149. The accumulation of a hormone secreted by an endocrine gland then acts on that gland to reduce further hormone secretion. This is an example of what?
    Negative feedback
  150. Which of the following are voltage gated?
    Glucose transporter
    Na+ channel
    Na/K ATPase
    K+ channel
    Na+ channel and K+ channel
  151. What are four characteristics of primary active transport?
    • The rate of influx of a molecule or ion displays saturation kinetics
    • Directly requires energy in the form of ATP
    • Transport of molecules against a concentration gradient
    • Generally highly selective for a given molecule/ion
  152. Passive diffusion of an ion or permeable molecule displays what properties?
    The rate of influx of a molecule or ion is directly proportional to the concentration gradient, molecules move down their concentration gradient, generally highly selective for a given molecule/ion, no energy is required.
  153. Semipermeable means what?
    The cell membrane is selectively permeable to certain solutes.
  154. What is the Donnan Equilibrium?
    A state of electrochemical equilibrium that is achieved because two fluid filled compartments are separated by a semipermeable membrane that is permeable to only some of the ions present.
  155. What does physiological ecology study?
    Adaptations to the environment (e.g. drought tolerance)
  156. What does evolutionary physiology study?
    Origins of a physiological trait (character reconstruction, cladistics)
  157. What does comparative physiology study?
    Considers 'function' in all animals (subsets human physiology, avain physiology)
  158. What does mechanistic physiology study?
    Emphasises mechanisms (firefly example)
  159. What is Krogh's principle?
    For such a large number of problems there will be some animal of choice, or a few such animals, on which it can be most conveniently studied.
  160. What are temperature conformers?
    Animals that allow their internal environment to vary when their external environment changes. Known as ectotherms, which are poikilothermic.
  161. What are temperature regulators?
    Animals that hold their internal environment constant despite changes to their external environment. Known as endotherms,  which are homothermic.
  162. What structures to cells use to maintain ion differences between the inside and outside of the cell?
    Transporters and pumps
  163. What is the function of the Na+/K+ pump. In terms of ion distribution, what does this pump establish? What ions does this pump transport?
    The Na+/K+ pump establishes the concentration gradient for Na+ and K+ in nearly all cells. The pump transports 3 Na+ ions out of a cell for every 2 K+ ions into a cell. The pump uses ATP to do this because it is pumping ions against their gradient. The Na+/K+ pump is sometimes described as an action potential pump because of the difference in net charge pumped out of the cell.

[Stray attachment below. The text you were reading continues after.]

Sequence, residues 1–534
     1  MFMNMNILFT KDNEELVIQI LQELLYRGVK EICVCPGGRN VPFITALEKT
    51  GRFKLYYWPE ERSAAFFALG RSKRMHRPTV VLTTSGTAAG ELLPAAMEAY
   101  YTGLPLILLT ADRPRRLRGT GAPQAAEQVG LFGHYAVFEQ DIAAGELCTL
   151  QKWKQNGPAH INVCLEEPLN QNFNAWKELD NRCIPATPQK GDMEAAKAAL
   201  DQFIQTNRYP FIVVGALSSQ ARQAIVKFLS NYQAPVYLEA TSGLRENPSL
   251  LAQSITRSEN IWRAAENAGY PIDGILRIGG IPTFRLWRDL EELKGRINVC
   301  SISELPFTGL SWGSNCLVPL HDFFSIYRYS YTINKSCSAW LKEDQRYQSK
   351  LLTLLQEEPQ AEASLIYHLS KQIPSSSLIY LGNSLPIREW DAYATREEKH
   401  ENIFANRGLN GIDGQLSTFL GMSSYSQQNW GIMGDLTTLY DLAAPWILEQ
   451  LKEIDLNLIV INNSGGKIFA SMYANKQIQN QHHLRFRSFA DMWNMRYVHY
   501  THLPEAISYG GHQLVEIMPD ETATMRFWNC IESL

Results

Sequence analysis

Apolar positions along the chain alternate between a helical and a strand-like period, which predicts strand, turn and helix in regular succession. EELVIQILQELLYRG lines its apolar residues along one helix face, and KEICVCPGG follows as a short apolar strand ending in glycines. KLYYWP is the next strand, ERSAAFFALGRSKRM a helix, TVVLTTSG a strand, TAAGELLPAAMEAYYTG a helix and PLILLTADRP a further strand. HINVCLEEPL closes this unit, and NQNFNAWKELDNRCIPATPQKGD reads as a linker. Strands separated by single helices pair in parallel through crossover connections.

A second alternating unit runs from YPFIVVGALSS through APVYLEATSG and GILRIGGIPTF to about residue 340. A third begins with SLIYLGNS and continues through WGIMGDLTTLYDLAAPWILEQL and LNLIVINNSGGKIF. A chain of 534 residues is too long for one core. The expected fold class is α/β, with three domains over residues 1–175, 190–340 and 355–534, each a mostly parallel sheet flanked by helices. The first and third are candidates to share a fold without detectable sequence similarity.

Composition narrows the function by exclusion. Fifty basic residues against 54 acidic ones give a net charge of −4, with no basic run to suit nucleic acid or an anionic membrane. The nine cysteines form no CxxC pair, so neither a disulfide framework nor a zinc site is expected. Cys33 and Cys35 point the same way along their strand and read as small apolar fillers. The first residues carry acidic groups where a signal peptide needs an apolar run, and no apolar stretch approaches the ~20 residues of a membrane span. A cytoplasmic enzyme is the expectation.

164. If an ion diffuses across a cell membrane, what gradient is being dissipated and what gradient is being developed?
    The concentration gradient is being dissipated. The electrical gradient is being developed.
  165. What does the Nernst equation define?
    What the effect of an ion, with a given concentration gradient, that is permeable to a cell membrane, will have on the membrane potential that arises when ions move down their electrochemical gradients. The membrane potential at which the ions stop moving is the potential at which the ion is in electrochemical equilibrium, or to put it another way, its equilibrium potential.
  166. When does Vm = 0?
    Whenever ion conc out= ion conc in because the concentration gradient is eliminated and thus the principle driving force is lost and as a consequence no potential is established.
  167. What is the cause of a local response?
    Local response is related to an insufficient depolarisation that leads to a failure in exciting enough Na+ channels to active that they are able to continue to depolarise a cell so as to further active more Na+ channels.
  168. What are the parts of the avian digestive system?
    Oesophagus, crop, liver, proventriculus, gizzard, pancreas, intestine, cloaca
  169. What is the buccal cavity?
    The bit the tongue of birds rests in, like their beak
  170. What is the purpose of the crop?
    Temporary storage of good so birds can gorge. Large diameter for whole foodstuffs.
  171. What is the purpose of the proventriculus?
    Glandular stomach, secretion of mucous HCl and digestive enzymes, and enzymatic breakdown of food.
  172. What is the purpose of the gizzard?
    Teeth equivalent, used for grinding/breaking up food. Functions through muscular contractions.
  173. What is the purpose of the duodenum? (also small intestine, jujenum and ilium)
    U shaped loop, site of digestion and absorption.
  174. What is the purpose of the large intestine?
    Water and electrolyte absorption
  175. What is the purpose of the caecum?
    Site of fermentation, digestion and absorption - enzymatic breakdown of cellulose.
  176. What is the purpose of the cloaca?
    Receives waste from digestive, urinary and reproductive systems.
  177. What is the purpose of the accessory organs?
    • Liver - bile production
    • Pancreas - digestive enzymes to small intestine to aid acid neutralisation
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ZOO2AP Exam Preparation
ZOO2AP Exam Preparation